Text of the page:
Two things I learned from this:

  1. If you write objects with values encoded at both runtime and compile time, you can use type classes to guide Idris through induction on them rather than having to reimplement it as proof code. Not only that, but the compiler can act as a better proof assistant by letting you know exactly what implementations are required and which ones are missing. That helped a lot.
  2. Encoding data in type level lists that can mutate is hard, but it’s actually not the hardest thing I’ve tried to do in idris. …

A perennial source of angst for me is dealing with plans and deadlines in software. While there are many takes on this from #NoEstimates to good old blame, it’s a common experience that neither the people making the estimates, nor those receiving them are making any use of the information, instead allowing it to become a waste stream with no outlet that slowly toxifies relationships, becoming its own justification and justifying pressure that very often is strictly self imposed.

I’m going to expand here on a basic idea from here

An experience most people who have worked for medium…

Hot take: has made ← a simple static build of libclang that allows you to bust your libtooling and other clang related code out of llvm build tree jail and api version hell.

One of my previous lives involved writing a lot of C++ and I became very opinionated on some practices in C++. For larger programs, I tended toward a java style that put an abstract base (ISomeObject) when appropriate in front of objects conferring nontrivial functionality (network protocol clients, db adapters, even coupling to the filesystem) and so wrote a tool that helped enforce these kinds…

I’ve been deep diving idris for a while, and the way certain dependently typed structures change type over time has been something I haven’t had a great handle on. I have a tutorial on the ST monad coming, but I’d like to first talk about the way (as I understand it) idris’ dependent types apply to monads which we mutate (at least conceptually) through the flow of imperative-like code.


For lack of better ways of stating it, I’m going to use the terminology used in pursecript and think of the effect list as a collection of independent row…

I had something on my mind earlier and admittedly i wasted precisely 37 minutes just now advancing a proof target I’m working on.

I’d had trouble with proofs like “a < b implies f a b = []” for some a and b. The problem comes when you case split and have to contend with (S a) and Z (for example) as values. You know this is impossible, but how to dismiss these proof targets?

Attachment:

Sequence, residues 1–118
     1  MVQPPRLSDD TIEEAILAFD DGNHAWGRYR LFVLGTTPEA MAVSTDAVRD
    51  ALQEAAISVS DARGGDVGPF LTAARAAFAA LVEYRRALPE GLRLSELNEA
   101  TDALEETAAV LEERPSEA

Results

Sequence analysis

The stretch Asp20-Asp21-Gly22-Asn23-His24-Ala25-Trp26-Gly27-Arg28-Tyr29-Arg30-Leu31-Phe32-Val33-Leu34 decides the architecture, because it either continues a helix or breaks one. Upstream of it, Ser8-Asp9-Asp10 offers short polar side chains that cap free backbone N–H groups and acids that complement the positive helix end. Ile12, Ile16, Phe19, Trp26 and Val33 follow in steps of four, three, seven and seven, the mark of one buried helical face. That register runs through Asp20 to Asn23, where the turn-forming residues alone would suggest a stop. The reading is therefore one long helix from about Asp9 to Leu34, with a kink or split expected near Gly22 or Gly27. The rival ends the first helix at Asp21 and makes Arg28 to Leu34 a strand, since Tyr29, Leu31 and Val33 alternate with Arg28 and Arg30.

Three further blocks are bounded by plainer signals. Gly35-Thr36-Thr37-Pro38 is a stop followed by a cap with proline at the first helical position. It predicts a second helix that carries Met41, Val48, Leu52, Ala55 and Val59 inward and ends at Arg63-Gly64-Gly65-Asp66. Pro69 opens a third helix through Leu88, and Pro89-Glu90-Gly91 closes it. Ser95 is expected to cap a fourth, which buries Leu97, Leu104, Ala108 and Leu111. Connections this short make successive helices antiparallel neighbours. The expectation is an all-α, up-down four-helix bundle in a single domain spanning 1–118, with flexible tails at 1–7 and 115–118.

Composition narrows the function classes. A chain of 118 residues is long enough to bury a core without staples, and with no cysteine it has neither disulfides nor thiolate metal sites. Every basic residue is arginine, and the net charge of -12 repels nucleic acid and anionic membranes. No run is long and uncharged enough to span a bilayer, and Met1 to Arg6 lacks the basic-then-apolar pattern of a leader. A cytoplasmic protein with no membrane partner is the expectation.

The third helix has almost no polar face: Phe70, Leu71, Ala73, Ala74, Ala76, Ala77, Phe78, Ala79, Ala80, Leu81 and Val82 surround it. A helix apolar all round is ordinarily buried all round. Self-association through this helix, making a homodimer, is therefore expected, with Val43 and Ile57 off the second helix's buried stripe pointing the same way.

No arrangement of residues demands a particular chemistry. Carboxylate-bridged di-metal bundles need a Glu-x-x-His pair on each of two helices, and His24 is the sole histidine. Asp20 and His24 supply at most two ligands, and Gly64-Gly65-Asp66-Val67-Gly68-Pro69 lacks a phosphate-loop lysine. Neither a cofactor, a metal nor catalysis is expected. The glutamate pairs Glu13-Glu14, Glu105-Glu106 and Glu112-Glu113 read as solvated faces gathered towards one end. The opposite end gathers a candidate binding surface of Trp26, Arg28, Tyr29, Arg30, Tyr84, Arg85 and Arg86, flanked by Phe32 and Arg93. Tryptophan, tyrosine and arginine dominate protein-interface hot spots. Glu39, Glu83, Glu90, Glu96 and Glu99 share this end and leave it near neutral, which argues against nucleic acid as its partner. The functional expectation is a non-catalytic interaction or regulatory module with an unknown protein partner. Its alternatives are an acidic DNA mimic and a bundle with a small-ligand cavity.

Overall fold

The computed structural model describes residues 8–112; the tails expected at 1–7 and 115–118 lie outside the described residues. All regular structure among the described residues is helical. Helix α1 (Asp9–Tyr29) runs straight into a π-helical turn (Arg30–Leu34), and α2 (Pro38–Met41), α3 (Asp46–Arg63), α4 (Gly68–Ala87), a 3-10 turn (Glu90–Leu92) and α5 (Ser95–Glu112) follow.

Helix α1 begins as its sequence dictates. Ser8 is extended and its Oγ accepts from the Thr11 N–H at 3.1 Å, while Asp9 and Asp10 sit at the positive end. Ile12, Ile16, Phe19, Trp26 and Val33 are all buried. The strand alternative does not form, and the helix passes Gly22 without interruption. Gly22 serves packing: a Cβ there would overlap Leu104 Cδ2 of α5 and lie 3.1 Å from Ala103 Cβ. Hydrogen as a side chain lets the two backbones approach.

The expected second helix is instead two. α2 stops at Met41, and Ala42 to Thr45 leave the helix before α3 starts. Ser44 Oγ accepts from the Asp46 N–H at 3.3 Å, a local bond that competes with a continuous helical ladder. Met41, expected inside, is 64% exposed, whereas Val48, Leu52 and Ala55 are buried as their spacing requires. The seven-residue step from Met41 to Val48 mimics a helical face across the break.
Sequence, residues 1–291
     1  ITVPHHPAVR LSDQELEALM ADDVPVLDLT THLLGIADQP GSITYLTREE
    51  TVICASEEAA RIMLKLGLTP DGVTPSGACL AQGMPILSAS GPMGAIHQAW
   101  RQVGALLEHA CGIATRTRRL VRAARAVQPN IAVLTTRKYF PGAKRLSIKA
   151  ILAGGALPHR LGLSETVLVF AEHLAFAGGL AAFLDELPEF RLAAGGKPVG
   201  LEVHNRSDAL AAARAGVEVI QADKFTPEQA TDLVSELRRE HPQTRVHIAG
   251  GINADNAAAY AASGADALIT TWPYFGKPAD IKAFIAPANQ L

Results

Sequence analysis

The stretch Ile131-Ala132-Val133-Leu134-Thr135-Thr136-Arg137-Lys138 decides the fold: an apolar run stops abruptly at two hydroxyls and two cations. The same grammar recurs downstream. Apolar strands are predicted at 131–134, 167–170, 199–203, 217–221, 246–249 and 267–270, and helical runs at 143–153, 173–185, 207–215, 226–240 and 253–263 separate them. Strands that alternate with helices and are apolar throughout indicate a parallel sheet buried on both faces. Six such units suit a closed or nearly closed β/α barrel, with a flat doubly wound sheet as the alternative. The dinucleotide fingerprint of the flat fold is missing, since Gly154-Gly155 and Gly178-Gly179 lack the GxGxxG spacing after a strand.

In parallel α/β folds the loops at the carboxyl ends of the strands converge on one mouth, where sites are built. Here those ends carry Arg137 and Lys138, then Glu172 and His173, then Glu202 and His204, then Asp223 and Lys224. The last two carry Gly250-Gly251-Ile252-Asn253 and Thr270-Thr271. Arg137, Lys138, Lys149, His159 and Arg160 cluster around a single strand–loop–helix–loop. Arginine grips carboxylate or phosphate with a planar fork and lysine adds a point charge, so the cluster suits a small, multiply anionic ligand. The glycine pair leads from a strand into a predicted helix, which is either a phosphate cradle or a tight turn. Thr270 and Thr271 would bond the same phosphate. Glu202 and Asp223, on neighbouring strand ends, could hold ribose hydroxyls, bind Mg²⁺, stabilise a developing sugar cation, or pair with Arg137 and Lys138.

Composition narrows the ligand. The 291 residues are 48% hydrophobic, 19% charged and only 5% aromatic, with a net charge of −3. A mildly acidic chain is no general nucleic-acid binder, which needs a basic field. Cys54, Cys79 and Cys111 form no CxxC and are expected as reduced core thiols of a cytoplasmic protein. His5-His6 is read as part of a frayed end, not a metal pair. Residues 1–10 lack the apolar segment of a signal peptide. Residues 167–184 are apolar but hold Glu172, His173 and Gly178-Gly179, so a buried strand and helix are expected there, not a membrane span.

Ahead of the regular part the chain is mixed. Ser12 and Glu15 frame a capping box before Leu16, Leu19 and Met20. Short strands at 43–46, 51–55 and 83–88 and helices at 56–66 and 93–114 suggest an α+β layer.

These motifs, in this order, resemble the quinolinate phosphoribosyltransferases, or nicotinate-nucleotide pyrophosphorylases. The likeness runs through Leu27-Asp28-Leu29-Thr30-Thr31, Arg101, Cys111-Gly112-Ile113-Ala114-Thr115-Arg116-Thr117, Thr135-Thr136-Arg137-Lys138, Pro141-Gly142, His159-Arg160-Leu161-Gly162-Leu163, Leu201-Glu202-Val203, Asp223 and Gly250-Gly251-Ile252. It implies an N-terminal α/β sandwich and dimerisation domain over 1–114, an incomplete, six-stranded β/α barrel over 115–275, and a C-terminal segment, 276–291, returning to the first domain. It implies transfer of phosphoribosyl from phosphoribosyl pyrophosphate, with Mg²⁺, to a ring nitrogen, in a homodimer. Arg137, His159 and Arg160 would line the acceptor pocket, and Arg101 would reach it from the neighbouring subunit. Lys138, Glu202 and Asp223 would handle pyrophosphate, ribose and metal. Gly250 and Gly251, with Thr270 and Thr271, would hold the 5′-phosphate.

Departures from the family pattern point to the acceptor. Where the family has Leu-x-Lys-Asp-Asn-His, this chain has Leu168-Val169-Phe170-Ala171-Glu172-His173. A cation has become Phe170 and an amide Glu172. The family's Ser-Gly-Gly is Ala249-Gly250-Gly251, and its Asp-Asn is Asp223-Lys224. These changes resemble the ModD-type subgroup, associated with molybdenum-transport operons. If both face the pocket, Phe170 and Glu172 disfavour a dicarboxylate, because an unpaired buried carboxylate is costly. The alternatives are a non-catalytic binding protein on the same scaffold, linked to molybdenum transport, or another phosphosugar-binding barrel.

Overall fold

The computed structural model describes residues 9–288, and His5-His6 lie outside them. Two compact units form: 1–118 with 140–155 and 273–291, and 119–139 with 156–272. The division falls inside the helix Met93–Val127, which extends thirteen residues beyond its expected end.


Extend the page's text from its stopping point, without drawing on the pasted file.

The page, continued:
Consider this:

lteMagnitudeObvIsImpossible : (b : Nat) -> (v : Bin) -> LTE (magnitude (O b v)) 0 -> Void lteMagnitudeObvIsImpossible Z v = succNotLTEzero…

Recently, in order to give a coworker an easier way to interact with some code we deliver as javascript, I ported something from bucklescript to fable so that it’d be visible in a .net IDE. Admittedly, the result is pretty swank. Since F# branched from ocaml linguistically, it wasn’t a huge effort (roughly 1 full day of work), but something interesting happened running the resulting javascript on nashorn (note, a late addition here is that I notice that this is mainly due to the es5ification from babel).

Constructing unions in F# would sometimes work and sometimes not, whereas the code…

I’ve been working through a formal proof of a BTree implementation in small amounts of spare time in Idris, and both getting better at working with proofs and discovering new parallels between the imperative and functional universe. In this case, I’m going to detail how I think about proofs of imperative code in Idris.

Last time I wrote, I had come up with what amounts to a Free monad that could be used to simulate imperative systems, and therefore expose those systems to the mercy of requirements to prove things.

As an aside, one reason I write these is that…

I’ve been thinking and working a lot on some code, and stealing tiny amounts of time here and there thinking about and trying out Idris with regard to helping with some real code. In this case, some Kotlin code that implements an offline BTree. It is necessary to use a side-effecting external store for this both because the size of the tree can be considered to be infinite over a long time, and also because RAM is at a bit of a premium.

I’ve written pretty good tests, so I’m confident that the code is mostly correct, and the tests…

I’m not very bright, but even I was able to get a bit comfortable with proofs. Here are my notes on actually using the Idris type system to prove things. Next time I’ll write about how I think proofs fit practically in software development after exploring minikanren last year and compare them both to traditional unit testing. I’m still a noob at this, so those experienced might want to avert their eyes. …

Although no google results ever turned it up, there’s a pdf with a lot of proof related exercises in idris:

This comment on a tragically uninformed post by me on reddit explains the use of the contra argument to DecEq’s No constructor well, as well as introducing the above pdf. Hopefully dropping it on medium will make this stuff more visible.

Also don’t do what I tried to do :-)

art yerkes

An old programmer learning new tricks.

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